by Lael Ewy
A recent article in National Geographic noted that exposure to the natural world increases human health, reduces stress, and increases critical thinking skills. This is all fine and good; we need more appreciation of the ecosystem on the whole and our local environs in particular. But the major bent of the article was what nature can do for us and how it can make us better able to return to our soulless offices, shallow relationships, and consumerist ways of being. In other words, the article is about how exposure to the natural world can make us better equipped to perform the business of destroying the very natural world that has prepped us to the task.
The article points out a major philosophical problem in the western world, one that floods in from many different streams of thought. Rationalist thought insists on mechanistic explanations and direct means of causation. Using the rationalist ways of thinking that still dominate the sciences and all other “outcomes based” human activity, we insist that all things happen for a reason and that all things that happen therefore must have reasons for being allowed to happen.
Thus a means of inquiry becomes a method of being; a way of doing science drifts into a way of making value judgments about what humans ought to do.
By imposing this rationalistic value judgment on human activity, we lose the idea that anything we do has an inherent value: there always has to be a why, and that why always has to be justified within an interlocking system of causations.
The ultimate limit of this way of thinking appears when we start to ask questions about prime movers, ultimate causes, the first event in the great chain that leads the universe inevitably to us, at the present moment, contemplating how we got here, thinking about how the universe was gracious enough to lead up to us, a set of beings so smart as to contemplate how it was the universe’s duty to create beings who can think about how they got here.
Only recently, string theory, ideas contemplating multiple universes, and quantum mechanics have begun to dissolve some of these first mover quandaries, but they have yet to devolve into popular thought.
In the lives of those living in the United States, this problem is compounded by puritanism, which underscores the lockstep linearity of rationalism with a very specific goal: eternal salvation. By focusing only on those activities deemed holy, we both assure our places in heaven and avoid the temptations of those things we do for fun, because fun things lead us to inevitable perdition.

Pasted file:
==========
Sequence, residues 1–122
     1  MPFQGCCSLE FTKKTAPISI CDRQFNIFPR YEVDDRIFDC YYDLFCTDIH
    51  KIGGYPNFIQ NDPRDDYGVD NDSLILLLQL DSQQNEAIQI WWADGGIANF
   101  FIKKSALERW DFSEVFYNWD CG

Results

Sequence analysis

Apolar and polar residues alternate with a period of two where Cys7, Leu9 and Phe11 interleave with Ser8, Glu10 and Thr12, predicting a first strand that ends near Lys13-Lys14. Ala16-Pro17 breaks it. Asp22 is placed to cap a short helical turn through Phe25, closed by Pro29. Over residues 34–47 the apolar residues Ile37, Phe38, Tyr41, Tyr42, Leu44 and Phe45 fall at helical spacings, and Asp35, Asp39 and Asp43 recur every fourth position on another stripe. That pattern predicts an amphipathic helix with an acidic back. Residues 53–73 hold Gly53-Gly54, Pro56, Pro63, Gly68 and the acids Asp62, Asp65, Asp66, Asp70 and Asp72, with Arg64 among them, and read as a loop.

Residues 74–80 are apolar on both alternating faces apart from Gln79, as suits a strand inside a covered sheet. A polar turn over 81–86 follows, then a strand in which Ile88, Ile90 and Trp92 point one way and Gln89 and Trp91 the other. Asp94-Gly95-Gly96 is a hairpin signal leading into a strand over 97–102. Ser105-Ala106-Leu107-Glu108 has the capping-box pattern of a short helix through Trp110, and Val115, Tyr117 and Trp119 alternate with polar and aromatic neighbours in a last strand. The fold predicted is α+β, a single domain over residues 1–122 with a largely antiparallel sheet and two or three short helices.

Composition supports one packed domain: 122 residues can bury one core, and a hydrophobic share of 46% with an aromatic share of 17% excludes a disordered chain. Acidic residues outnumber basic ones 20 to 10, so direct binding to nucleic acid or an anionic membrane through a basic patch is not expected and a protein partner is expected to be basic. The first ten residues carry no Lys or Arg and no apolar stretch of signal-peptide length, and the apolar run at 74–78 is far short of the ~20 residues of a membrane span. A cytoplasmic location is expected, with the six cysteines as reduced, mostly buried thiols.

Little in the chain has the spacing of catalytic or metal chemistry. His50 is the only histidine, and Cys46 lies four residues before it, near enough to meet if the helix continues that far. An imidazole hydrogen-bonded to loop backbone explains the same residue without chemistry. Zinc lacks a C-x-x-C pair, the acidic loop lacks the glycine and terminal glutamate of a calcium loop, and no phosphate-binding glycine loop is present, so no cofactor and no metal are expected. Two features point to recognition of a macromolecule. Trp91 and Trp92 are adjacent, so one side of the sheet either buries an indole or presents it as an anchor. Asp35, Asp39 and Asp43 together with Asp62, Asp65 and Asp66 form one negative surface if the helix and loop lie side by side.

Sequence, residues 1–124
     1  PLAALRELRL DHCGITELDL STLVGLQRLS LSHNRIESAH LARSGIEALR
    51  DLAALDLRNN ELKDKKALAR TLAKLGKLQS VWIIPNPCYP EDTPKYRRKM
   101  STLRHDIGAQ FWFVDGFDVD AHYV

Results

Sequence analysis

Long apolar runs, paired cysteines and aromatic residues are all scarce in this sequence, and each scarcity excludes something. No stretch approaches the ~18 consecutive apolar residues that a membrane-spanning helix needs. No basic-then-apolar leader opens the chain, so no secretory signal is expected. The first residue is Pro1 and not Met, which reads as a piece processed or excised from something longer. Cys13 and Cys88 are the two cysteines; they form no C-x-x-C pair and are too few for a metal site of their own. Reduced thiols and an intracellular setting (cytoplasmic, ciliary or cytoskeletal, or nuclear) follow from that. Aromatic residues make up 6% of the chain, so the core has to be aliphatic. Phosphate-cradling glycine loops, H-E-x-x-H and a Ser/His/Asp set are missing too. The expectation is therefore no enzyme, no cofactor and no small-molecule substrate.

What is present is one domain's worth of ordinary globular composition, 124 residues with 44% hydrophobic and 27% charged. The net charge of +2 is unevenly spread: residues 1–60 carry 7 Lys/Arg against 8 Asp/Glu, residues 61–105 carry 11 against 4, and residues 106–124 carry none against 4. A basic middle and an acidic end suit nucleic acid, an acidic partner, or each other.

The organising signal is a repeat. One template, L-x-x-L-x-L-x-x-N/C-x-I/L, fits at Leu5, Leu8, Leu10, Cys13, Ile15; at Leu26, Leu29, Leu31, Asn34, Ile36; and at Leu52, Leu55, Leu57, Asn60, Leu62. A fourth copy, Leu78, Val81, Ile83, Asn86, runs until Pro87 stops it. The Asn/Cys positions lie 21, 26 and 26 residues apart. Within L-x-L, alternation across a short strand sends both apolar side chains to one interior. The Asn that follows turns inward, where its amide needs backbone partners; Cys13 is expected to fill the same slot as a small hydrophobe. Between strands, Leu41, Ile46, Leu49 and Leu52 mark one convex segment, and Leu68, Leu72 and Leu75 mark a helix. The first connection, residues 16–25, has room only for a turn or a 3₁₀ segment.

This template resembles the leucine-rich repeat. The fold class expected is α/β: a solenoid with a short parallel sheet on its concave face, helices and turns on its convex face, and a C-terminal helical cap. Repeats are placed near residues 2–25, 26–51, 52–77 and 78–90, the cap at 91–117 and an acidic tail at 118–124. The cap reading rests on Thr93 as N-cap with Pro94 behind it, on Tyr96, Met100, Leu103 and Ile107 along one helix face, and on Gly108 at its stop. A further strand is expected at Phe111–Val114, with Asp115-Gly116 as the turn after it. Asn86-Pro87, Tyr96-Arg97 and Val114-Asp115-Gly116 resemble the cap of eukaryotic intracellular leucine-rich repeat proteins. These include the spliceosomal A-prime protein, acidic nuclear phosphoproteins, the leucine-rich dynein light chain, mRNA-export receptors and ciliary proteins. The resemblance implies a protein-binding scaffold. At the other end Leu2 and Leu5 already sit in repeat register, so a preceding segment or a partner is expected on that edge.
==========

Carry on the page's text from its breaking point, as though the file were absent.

But neither science nor puritanism are quite as powerful in our lives as the free market business model. While it is true that organizations like The American Enterprise Institute, backed by laissez-faire billionaires such as Charles and David Koch, have done a lot to promote free market thought in the last 40 years, the ideas go back much farther than that. After all, Charles Dickens was already savagely critiquing the point of view that every human activity must be geared toward the bottom line in the 1840s through works such as “A Christmas Carol.” Dickens’s writing was informed by the conditions of early industrialism, and we’ve gone a long way toward denying those conditions are still with us, primarily by offshoring to other parts of the world the nasty work to be done by people of whom we don’t think much.
But the rationality of industrialism still dominates our new, supposedly more creative, and “knowledge-based” economy. Instead of being part of a literal machine, we use strict schedules, quality assurance measures, and monitoring technologies to make sure people are not goofing off at their desks. The Taylorist factory has given way to the open floor plan office. The 12-hour factory shift has given way to smartphones and laptops that assure constant contact with the people at work.
Pressure on lawmakers by business-backed groups such as the American Legislative Exchange Council have turned what was supposed to be a government by, for, and of the people into one dominated by business interests and interested only in maintaining the bottom line. Changes to work rules, taxation, and even the Supreme Court’s interpretation of the First Amendment’s guarantee of free speech have oriented the purpose of American society entirely toward the generation of profit. These changes have devolved social power ever more towards employers and financiers and away from those who actually do the work.